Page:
Child-Safety Laws Recommended, Tough to Pass
By Margaret Nicklas, KUT News
Every year, almost 1,000 children in Texas die from non-natural causes like accidents, murders and suicides. A volunteer group studying these deaths and how to prevent them is calling on state lawmakers to make some changes, but has struggled to push legislation forward.
Big changes take persistence and time. Just ask Dr. Juan Parra. The San Antonio pediatrician is an advocate for laws to improve child safety.
“You can have what looks like a very good piece of legislation or recommendation, but if a committee looks at it and it doesn’t come out of a committee, it may never even get to the floor to be debated or certainly voted on,” Parra says.
Dr. Parra serves on the State’s Child Fatality Review Team Committee – a diverse group of professionals who volunteer their time to study child deaths in Texas. They publish an annual report and recommend changes the state could make to save lives, but the recommendations rarely become law.
In the last legislative session, the committee called for a ban on the use of wireless devices while driving. The state legislature passed a narrower ban on texting while driving, but Governor Rick Perry vetoed the bill, calling it “a government effort to micromanage the behavior of adults.”
Parra was undeterred. He had no qualms about issuing the recommendation again this year.
“If you get narrow focused, you sort of lose that momentum,” Parra says. “You lose that education that you can do that includes those legislators, to make them aware that it’s just not texting that’s the problem – it’s using wireless communication devices.
Democratic State Senator Leticia Van de Putte helped create the Child Fatality Review Team Committee almost two decades ago.
“We can’t act until we know what causes injury and death to our children,” she says. “The reports and the whole idea of the child fatality review teams was that we would know how to keep our children alive.”
Van de Putte hopes to see the texting ban re-emerge in the next legislation session. More than three quarters of states in the U.S. have already outlawed texting while driving. Some Texas cities have too, including Austin.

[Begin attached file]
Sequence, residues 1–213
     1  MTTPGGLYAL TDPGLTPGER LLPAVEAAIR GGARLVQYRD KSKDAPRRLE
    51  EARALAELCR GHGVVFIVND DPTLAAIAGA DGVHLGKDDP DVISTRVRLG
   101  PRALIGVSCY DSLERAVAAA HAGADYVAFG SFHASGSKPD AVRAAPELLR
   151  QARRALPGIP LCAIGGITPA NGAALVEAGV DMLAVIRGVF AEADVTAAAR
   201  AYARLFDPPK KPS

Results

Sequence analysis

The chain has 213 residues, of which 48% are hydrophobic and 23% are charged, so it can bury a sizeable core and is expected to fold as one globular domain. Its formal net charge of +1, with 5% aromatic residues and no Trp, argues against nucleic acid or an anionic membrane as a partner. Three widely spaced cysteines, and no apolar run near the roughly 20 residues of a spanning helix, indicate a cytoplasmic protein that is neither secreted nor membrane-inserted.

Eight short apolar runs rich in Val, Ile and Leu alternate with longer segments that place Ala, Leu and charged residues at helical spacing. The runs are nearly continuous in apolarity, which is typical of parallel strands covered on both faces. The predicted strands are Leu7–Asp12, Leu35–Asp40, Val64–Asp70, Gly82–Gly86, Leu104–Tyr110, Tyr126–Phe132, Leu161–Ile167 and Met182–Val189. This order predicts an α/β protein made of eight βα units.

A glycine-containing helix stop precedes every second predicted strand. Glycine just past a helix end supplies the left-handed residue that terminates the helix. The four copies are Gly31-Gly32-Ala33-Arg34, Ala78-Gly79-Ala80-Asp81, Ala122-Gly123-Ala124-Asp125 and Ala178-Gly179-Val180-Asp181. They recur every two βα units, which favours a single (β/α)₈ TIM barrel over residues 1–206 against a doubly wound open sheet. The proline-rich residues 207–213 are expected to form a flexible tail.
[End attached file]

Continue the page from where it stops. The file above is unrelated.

“It reminds me of the first legislation that required seat belts. Texas was one of last few states to enact it because we didn’t want a ‘nanny government.’ We didn’t want folks telling us what to do,” Van de Putte says. “But we all pay the price when people drive recklessly or take chances.”
The Texas Pediatric Society also supports a ban on texting. The organization’s Carrie Kroll remembers how it took three legislative sessions to get Texas’ age and size requirements for car safety seats on par with national standards.
“We got slowed down legislatively [in] the first session because people really wanted more Texas data – what was really happening. Were these kids really getting hurt? And so we had to go back to the drawing board,” Kroll says. “DPS did a study of what the actual injuries were and indeed, kids were getting hurt. Once we compiled all that data and showed legislators that it was an issue, then it was just about how we make this a popular enough topic that people are willing to pass it.”
Governor Perry’s spokesperson Lucy Nashed says the governor’s office is reviewing the committee’s current report. She says Perry will thoroughly consider any new proposals legislators send him next session.
“We are always working with them to identify priorities and see what the state could be doing better,” Nashed says. “Child welfare and child health is obviously a big priority.”
As the new session gets underway in January, lawmakers will once again have the chance to act on the committee’s recommendations. And they’ll have at least one new idea to bat around this year: For the first time, the committee has recommended making it a crime to have any alcohol in your system when driving with a child in the car.